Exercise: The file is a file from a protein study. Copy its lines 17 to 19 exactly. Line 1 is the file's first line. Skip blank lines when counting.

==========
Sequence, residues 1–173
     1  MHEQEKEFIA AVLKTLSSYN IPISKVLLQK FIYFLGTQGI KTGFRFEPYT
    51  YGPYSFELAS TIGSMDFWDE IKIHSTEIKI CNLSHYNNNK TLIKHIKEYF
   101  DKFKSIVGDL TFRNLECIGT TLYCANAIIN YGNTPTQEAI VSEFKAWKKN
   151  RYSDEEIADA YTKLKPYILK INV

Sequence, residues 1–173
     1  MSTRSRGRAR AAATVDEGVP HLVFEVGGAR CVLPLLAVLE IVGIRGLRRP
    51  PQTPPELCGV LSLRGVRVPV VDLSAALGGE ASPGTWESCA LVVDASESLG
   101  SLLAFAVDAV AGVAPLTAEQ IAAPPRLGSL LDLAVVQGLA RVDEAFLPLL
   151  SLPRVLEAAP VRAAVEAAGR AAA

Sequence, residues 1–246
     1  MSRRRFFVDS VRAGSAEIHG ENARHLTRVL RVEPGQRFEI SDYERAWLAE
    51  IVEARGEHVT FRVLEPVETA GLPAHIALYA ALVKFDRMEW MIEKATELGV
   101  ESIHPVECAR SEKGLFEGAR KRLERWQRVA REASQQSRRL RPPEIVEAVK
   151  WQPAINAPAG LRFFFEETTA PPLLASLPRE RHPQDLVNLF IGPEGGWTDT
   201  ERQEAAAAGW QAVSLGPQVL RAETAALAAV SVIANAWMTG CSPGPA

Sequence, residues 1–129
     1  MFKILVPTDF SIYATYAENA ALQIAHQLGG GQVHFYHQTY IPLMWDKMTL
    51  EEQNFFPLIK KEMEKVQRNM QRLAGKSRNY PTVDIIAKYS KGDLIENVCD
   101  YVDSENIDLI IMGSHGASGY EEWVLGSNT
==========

Sequence, residues 1–129
     1  MFKILVPTDF SIYATYAENA ALQIAHQLGG GQVHFYHQTY IPLMWDKMTL
    51  EEQNFFPLIK KEMEKVQRNM QRLAGKSRNY PTVDIIAKYS KGDLIENVCD